Hemangiomas are noncancerous growths that form due to an abnormal collection of blood vessels. The term hemangioma (infantile hemangioma) refers to a vascular lesion only evident in children. About 1 in 19 children will develop one. Hemangiomas are more common in Caucasians, twins, and females. Premature infants are also more likely to have a hemangioma.

Hemangiomas may be superficial or deep. Superficial hemangiomas, also called “strawberry hemangiomas,” appear on the surface of the skin as a bright red flat mark or raised bump. They may be present at birth or appear shortly thereafter. Most occur on the head or neck, although they can be anywhere on the body.

Deep hemangiomas, which appear after birth, are found below the skin’s surface. They are bluish-purple in color and make the skin swell and bulge.

Both types of hemangiomas grow rapidly during the first 6 months of life, but usually shrink and disappear by the time a child is 5 to 10 years old.

While most hemangiomas are harmless, some may require treatment. If a hemangioma interferes with sight, feeding, breathing, or other body functions, it will likely require treatment by a dermatologist. Treatment methods may include laser therapy, medication that may include corticosteroids, or surgical removal. Your dermatologist will advise you whether a hemangioma needs to be treated, as well as the best method of treatment.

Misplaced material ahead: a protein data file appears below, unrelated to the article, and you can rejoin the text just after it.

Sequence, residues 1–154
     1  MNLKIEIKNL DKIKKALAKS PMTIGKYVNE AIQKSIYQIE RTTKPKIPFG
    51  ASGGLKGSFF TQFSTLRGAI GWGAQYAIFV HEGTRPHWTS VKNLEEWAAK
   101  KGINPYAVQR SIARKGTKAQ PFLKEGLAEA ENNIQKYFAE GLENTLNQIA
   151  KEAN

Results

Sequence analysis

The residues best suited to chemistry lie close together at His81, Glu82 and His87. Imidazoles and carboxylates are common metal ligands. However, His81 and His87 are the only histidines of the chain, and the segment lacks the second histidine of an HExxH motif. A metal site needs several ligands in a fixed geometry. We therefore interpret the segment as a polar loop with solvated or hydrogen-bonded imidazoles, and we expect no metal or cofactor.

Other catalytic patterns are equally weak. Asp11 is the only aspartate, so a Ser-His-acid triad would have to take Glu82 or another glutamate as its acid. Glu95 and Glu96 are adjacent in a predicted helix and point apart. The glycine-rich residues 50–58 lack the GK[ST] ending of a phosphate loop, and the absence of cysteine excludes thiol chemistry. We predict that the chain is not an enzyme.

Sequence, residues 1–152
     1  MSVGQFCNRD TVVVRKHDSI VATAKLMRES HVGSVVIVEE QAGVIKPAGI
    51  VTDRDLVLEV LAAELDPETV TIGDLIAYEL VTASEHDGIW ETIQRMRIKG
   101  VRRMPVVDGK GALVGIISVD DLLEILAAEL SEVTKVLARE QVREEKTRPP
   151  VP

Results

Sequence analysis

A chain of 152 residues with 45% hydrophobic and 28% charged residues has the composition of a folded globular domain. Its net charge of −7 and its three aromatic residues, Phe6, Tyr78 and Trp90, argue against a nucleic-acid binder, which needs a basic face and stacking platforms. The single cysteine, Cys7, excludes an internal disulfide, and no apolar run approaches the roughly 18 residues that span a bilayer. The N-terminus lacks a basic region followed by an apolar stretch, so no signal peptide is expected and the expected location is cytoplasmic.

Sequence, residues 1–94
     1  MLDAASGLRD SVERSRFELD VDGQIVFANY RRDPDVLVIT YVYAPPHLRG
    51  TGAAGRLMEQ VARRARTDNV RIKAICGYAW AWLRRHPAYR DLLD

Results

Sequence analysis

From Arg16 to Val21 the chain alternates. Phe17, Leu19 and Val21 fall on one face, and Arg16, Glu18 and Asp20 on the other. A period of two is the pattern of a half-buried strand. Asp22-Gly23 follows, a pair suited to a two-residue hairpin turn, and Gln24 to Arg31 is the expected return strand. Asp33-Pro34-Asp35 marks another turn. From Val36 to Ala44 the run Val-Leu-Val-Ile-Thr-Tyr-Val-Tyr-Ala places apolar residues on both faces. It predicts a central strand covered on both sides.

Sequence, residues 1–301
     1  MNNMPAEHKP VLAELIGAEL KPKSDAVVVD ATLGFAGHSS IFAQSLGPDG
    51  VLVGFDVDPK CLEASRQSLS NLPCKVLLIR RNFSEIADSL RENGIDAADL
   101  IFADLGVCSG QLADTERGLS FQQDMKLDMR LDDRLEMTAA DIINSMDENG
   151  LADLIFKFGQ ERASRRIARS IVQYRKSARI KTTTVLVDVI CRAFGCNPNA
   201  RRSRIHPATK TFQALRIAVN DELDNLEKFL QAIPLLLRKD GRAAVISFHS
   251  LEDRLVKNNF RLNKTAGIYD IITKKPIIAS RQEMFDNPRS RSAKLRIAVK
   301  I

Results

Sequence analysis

Port-Wine Stains

Port-Wine Stain

A port-wine stain on a child’s face and ear.6

A port-wine stain is a type of birthmark that is caused by a malformation of tiny blood vessels called capillaries. The name port-wine stain comes from the color of the birthmark, which ranges from light pink to a dark red color. They start as flat, pink or red patches, and tend to become darker and grow along with the baby. Port-wine stains do not fade.

Because they can darken and grow over time, port-wine stains can affect a child physically and emotionally. Those that occur near the eye may cause eye problems, including glaucoma. In addition, some seizure disorders may be associated with port-wine stains. For these reasons, it is important to have a dermatologist evaluate your baby’s port-wine stain birthmark as early as possible.